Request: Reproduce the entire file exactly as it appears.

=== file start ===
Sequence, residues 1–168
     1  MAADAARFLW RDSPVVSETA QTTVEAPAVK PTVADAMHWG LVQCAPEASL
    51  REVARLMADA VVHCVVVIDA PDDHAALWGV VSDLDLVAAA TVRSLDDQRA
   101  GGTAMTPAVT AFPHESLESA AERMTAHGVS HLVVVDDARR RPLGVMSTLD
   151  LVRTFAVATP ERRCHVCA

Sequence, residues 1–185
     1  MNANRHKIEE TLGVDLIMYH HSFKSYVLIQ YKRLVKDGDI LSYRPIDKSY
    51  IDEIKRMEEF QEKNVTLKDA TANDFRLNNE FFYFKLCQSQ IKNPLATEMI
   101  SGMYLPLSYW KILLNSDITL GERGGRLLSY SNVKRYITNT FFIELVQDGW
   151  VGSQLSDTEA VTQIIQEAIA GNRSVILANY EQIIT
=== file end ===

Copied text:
Sequence, residues 1–168
     1  MAADAARFLW RDSPVVSETA QTTVEAPAVK PTVADAMHWG LVQCAPEASL
    51  REVARLMADA VVHCVVVIDA PDDHAALWGV VSDLDLVAAA TVRSLDDQRA
   101  GGTAMTPAVT AFPHESLESA AERMTAHGVS HLVVVDDARR RPLGVMSTLD
   151  LVRTFAVATP ERRCHVCA

Sequence, residues 1–185
     1  MNANRHKIEE TLGVDLIMYH HSFKSYVLIQ YKRLVKDGDI LSYRPIDKSY
    51  IDEIKRMEEF QEKNVTLKDA TANDFRLNNE FFYFKLCQSQ IKNPLATEMI
   101  SGMYLPLSYW KILLNSDITL GERGGRLLSY SNVKRYITNT FFIELVQDGW
   151  VGSQLSDTEA VTQIIQEAIA GNRSVILANY EQIIT